...not only the heart of a place called Gopher Prairie, but ten thousand towns.... not a dozen buildings...suggested that, in the fifty years of Gopher Prairie's existence, the citizens had realized that it was either desirable or possible to make this, their common home, amusing or attractive.
Green Bay alone did what the other 10,000 Gopher Prairies in the United States didn't. It built a team and an edifice to honor it, and with that, it deflected all the sneers that urban sophisticates had patronized small towns with for generations. Green Bay became Titletown U.S.A. It took the measure of all the Zeniths, of the Gothams and Windy Cities and Hubs, made charming what was provincial, romantic what was obscure, quaint what was merely small.
Unfortunately, Green Bay also glorified the adage that winning is everything (which is, ironically, the ultimate big-city smugness), and now, for that, defeat appears all the more devastating. The main question seems to be: Can the Green Bay Packers and Green Bay, Wis., ever again be on the same team?
A variety of things have transpired. Some are quite indisputable. The record shows, for example, that the franchise has decayed since the transcendent era of the sainted Vincent Lombardi; last season's Pack was 4-12, the worst in 28 years. Also, there is little argument that a lot of players don't want to spend their salad days in a one-horse town. This is especially true of black players, who bemoan the lack of a normal social life. They even have trouble getting a proper haircut in Green Bay. About one in every 300 people in Brown County is black—some 500 all told, about 0.28% of the 185,000 citizens. "If you're a black man in Green Bay," the expression goes, "you're either a Packer or you're passing through. If you're a black woman you're either a Packer wife or a dancer."
Some other things are more subjective. Black players—even those on rival teams, visiting for a day or two—profess to feel like freaks and are "uncomfortable" (the word often used) just walking down the street in Green Bay. The Packer franchise, a community-run operation more resembling the United Way or a library, may be an antiquated enterprise, at a huge disadvantage compared with other NFL franchises (save perhaps the one carried around in Robert Irsay's hat), and so—goes some of the thinking—the team is obliged to accept bad actors. "Thugs" and "hoodlums," Mike Ditka, the Bears' coach, characterized them. You must consider the source of that statement, of course, but in just three seasons, the Packers have gone from the third-least-penalized team in the NFL to the second-most.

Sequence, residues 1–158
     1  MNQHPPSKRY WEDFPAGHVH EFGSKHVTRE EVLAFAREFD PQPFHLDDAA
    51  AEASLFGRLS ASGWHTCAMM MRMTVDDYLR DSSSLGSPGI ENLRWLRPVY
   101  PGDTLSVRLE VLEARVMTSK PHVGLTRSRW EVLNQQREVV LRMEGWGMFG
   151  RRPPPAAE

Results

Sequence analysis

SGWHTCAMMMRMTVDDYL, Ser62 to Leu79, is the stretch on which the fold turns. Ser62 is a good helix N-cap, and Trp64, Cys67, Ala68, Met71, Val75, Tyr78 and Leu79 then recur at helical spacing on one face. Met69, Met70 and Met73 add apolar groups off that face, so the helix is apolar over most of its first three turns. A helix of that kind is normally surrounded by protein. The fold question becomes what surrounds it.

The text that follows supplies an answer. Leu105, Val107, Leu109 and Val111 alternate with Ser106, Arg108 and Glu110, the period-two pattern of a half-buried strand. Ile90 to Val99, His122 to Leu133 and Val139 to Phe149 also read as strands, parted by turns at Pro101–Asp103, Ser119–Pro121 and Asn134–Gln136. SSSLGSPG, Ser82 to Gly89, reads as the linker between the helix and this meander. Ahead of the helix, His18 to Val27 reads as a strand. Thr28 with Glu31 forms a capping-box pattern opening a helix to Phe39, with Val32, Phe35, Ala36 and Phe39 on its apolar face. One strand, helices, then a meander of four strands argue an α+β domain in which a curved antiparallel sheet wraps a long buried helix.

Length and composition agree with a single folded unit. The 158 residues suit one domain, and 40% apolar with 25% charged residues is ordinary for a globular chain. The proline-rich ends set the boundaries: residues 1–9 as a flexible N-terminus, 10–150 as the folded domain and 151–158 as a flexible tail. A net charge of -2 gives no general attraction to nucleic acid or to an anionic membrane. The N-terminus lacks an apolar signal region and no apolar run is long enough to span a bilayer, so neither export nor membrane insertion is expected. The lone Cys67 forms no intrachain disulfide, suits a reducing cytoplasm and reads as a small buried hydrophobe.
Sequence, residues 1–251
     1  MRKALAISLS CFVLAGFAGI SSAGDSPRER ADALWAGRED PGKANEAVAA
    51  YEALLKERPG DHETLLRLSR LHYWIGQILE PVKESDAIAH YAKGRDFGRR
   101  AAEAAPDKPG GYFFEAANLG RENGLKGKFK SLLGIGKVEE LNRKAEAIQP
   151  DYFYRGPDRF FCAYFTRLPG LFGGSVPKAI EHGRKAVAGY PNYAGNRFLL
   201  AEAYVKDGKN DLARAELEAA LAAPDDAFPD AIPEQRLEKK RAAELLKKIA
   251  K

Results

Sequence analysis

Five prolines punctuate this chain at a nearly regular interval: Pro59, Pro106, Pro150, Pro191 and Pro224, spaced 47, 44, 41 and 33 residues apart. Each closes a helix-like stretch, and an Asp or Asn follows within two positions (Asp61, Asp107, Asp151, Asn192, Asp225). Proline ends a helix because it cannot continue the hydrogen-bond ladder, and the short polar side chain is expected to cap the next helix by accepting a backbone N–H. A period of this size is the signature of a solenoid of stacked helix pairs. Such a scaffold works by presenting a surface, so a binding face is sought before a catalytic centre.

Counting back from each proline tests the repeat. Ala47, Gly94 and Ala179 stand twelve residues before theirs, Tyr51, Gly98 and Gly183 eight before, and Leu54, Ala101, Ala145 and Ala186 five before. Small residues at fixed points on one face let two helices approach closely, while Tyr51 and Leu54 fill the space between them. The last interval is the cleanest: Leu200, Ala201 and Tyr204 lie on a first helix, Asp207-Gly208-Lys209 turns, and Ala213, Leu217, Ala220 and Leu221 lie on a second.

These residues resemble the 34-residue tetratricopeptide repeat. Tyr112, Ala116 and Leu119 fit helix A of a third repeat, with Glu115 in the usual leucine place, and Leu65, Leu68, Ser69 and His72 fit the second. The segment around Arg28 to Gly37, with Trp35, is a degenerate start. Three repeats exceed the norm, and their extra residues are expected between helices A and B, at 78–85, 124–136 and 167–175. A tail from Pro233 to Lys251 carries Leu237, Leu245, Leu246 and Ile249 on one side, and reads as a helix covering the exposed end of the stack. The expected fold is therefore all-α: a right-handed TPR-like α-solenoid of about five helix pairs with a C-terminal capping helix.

And, finally, one other thing has surfaced in Green Bay's relationship with its team—although it may well, in fact, be only symptomatic of a new scandal in the sports world at large. This concerns what appears to be the growing number of athletes, collegiate and professional, who are being arrested for sexual assault. In Green Bay, Mossy Cade, 25, a cornerback, went on trial on Monday—the charge is second-degree sexual assault against a woman in his house in 1985. The woman is an aunt by marriage. James Lofton, 30, an All-Pro wide receiver, also went on trial the same day in Green Bay on the same charge—the jurors, however, are from Janesville, 120 miles to the south.
Moreover, Charles Martin, 27, an obscure defensive lineman who is best known for his flagrant attack upon Bears quarterback Jim McMahon last season, was involved this past fall in an altercation in a Green Bay bar with a woman who objected to his gross public advances.
Martin subsequently apologized and paid the woman $500 to settle the matter. This inglorious cavalcade of incidents has even led to local saloons posting the Packer Joke of the Week. Did you hear they fired Forrest Gregg and brought in Dr. Ruth as the new coach? No? Well, no less than the attorney general of the state of Wisconsin quipped publicly that the state should build its new penitentiary in Green Bay so that "the Packers could walk to work."
Some reactions speak more to the point. Morning Glory Farms has stopped running photographs of NFL players, including Lofton, on its milk cartons.
There have been sad editorials, there have been angry editorials. " Green Bay can tolerate losing but it will not tolerate losers whose amoral or immoral acts sully the name of the team and the community," the Press-Gazette said at the end of last season. The Milwaukee Sentinel ran a cartoon of Coach Lombardi's cemetery plot, with curses rising from his grave. Once, the gag went, Lombardi treated all his Packers equally—like dogs; now, the citizens sneer on talk shows and in letters to the editor that Packers are all dogs.